Join now to get access to this content and more.
Become a SOAP member and have access to our benefits.
- 2020 SOAP Virtual Meeting Series Videos
- For Review: SOAP Consensus Statement on Neuraxial Procedures in Thrombocytopenic Parturients
- Sample Centers of Excellence Applications
- ASA Corner
- SOAP Policy and Procedure Manual (P&P Manual)
- SOAP Expert Opinions
- SOAP's Learning Modules
- 2019 Annual Meeting Lecture Videos
- December 2018 - SOAP Unofficial Guide to ASA Committees Webinar
- Submit a Position
- View Job Postings
- Previous Meeting Archives
- Previous Meeting Abstract Search
- CMS Guidelines
- Member Benefits
- Newsletter Clinical Articles
- ACOG Documents
- Search our Patient Safety Archive
- Ask SOAP a Question
- Global Health Opportunities
- And more…
Low-dose CSE for cesarean section: effective use in daily clinical practice
Abstract Number: 194
Abstract Type: Original Research
Introduction: Advantages of low-dose combined spinal-epidural (CSE) for cesarean section (CS) include hemodynamic stability and reduced nausea and vomiting.¹ Despite this it remains underused for fear of increased maternal discomfort and potential for litigation. The technique is often reserved for patients with cardiovascular morbidity. We performed a prospective case series to investigate the feasibility of using low-dose CSE for CS in everyday practice.
Methods: Duty residents performed 100 low-dose CSEs. Procedure was protocol guided and carried out sitting with a 500 mL co-load containing 200 µg phenylephrine. Bupivacaine 1.5 mL and sufentanil 0.5 mL were combined and 0.1 mL per 10 cm of the patient’s height given intrathecally. After CSE placement the patient was placed in Trendelenburg position with left tilt until reaching an adequate sensory block. Non-invasive blood pressure (BP) was recorded every 2 minutes. Patients were monitored for hypotension, nausea, discomfort and motor recovery. Epidural top-up was advised should uterine closure not be completed 45 minutes after spinal injection.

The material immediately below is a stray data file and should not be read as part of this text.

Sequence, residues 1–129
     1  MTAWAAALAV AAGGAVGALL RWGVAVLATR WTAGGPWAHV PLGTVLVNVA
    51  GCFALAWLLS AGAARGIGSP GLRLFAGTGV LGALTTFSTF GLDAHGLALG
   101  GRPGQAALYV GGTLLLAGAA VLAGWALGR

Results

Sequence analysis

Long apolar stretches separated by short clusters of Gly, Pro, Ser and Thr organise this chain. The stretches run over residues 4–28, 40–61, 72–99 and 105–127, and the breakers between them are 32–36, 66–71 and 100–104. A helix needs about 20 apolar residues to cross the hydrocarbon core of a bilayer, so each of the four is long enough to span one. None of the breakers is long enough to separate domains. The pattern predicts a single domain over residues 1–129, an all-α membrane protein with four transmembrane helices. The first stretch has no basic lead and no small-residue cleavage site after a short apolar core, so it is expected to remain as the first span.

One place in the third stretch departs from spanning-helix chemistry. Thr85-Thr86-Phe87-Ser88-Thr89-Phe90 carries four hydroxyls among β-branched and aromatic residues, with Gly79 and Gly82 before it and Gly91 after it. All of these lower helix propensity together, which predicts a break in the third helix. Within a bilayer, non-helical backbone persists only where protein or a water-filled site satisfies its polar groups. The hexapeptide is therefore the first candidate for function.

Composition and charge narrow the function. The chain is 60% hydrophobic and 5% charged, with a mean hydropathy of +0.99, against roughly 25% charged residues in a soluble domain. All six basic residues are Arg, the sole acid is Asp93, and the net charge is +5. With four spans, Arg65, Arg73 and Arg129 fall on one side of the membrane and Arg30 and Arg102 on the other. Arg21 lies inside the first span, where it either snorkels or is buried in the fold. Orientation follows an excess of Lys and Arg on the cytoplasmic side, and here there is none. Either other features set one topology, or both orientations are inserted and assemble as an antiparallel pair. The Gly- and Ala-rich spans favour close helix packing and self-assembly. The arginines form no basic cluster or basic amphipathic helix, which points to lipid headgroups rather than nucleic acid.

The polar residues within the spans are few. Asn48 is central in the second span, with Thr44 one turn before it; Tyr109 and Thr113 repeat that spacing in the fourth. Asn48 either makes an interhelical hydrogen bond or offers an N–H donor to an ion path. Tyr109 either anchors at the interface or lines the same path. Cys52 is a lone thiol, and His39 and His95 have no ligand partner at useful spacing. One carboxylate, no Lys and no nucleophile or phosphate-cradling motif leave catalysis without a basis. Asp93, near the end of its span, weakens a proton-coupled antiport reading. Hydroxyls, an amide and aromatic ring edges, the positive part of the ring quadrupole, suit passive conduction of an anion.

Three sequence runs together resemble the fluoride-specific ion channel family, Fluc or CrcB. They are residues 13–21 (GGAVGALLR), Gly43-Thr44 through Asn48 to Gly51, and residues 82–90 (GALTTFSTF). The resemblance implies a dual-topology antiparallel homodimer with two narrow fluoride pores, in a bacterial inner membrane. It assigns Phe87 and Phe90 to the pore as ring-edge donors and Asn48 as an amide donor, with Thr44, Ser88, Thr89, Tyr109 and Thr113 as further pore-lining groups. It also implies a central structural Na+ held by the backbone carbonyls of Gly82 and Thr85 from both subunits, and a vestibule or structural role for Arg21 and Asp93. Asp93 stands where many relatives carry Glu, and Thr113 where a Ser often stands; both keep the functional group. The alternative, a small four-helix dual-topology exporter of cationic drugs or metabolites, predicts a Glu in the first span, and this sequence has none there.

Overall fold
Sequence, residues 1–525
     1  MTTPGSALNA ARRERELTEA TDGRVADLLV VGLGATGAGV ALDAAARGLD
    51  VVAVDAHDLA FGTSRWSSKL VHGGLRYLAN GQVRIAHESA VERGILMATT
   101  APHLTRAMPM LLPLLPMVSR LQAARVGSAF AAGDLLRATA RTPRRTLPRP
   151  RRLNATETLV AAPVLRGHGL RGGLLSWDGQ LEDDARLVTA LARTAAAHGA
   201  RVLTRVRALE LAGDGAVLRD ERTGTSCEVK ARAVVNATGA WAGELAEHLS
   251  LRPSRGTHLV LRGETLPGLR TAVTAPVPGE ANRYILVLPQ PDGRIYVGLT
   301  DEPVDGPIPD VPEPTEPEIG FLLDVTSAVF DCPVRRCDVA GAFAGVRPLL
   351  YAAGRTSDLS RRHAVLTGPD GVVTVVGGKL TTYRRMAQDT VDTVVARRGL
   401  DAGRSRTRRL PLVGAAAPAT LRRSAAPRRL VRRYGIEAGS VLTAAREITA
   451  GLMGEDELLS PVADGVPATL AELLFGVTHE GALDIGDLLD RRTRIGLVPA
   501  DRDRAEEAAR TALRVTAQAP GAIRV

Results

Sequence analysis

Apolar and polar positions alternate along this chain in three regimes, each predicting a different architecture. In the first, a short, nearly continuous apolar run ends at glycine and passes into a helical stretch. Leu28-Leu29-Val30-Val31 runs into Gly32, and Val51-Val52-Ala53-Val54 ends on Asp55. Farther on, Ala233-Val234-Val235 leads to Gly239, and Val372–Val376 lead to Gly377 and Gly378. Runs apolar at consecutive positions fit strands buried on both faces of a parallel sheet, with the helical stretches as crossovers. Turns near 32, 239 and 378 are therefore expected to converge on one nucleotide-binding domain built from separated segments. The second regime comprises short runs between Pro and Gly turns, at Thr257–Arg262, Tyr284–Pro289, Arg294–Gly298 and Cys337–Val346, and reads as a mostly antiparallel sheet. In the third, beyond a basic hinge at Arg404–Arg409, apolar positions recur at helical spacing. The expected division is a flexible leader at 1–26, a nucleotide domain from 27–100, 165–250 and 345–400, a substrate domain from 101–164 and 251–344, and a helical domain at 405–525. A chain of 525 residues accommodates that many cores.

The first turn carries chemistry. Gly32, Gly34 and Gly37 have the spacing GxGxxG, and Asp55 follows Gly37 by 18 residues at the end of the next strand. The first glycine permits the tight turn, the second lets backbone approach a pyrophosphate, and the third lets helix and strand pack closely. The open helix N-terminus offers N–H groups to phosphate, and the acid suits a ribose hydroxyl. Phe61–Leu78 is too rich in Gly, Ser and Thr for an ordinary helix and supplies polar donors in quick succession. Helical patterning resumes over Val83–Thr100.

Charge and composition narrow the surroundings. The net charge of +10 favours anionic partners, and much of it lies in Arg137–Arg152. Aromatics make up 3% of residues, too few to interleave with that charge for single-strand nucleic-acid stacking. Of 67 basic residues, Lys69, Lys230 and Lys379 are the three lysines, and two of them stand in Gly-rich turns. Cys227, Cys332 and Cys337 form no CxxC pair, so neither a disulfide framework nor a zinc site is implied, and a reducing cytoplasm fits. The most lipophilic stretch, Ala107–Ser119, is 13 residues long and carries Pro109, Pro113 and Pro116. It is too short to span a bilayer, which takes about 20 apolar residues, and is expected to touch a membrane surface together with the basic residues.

Results: There were 69 elective and 31 unplanned CS. Mean ±SD dose of intrathecal bupivacaine was 6.27 ±0.27 mg. Time from spinal injection till delivery and spinal injection till end of surgery was 27 ±7 minutes and 57 ±13 minutes respectively. A sensory block to cold up to T3 before surgery was present in 84%. No detectable block to touch was found in 69%.
In 8% there was discomfort prior to delivery requiring epidural top-up but no further intervention. Half of these 8% did not have a block to cold to T3 before surgery. Discomfort after delivery was reported in 18% and successfully treated with epidural top-up or remifentanil infusion. The onset of pain after delivery was 49 ±10 minutes after spinal injection however no patient in this group had received a preemptive epidural top-up. No conversion to general anesthesia was necessary. Subsequently 77% of mothers rated their anesthesia excellent, 17% good and 2% satisfactory.
Hypotension was recorded in 35% and mean decrease in systolic BP was 18 ±5%. Total dose of phenylephrine used was 336 ±179 µg. Mean neonatal umbilical artery pH was 7.32 ±0.06. Nausea was present in 8% and vomiting in 1%. At end of surgery 50% had weak hip flexion and full knee flexion enabling them to assist with transfer.
Conclusions: Low-dose CSE is suitable for use in daily practice and provides effective anesthesia with hemodynamic stability, minimal vasopressor use, less nausea and faster motor recovery. A block to cold to T3 is essential before surgery and, as duration of effective anesthesia is shorter, preemptive epidural supplementation may be necessary. If this guidance is followed the incidence of intraoperative discomfort is comparable to when using conventional doses of bupivacaine.²
1. Van de Velde M et al. Anesth Analg 2006; 103(1): 187-90.
2. Kinsella SM. Anaesthesia 2008; 63(8): 822-32.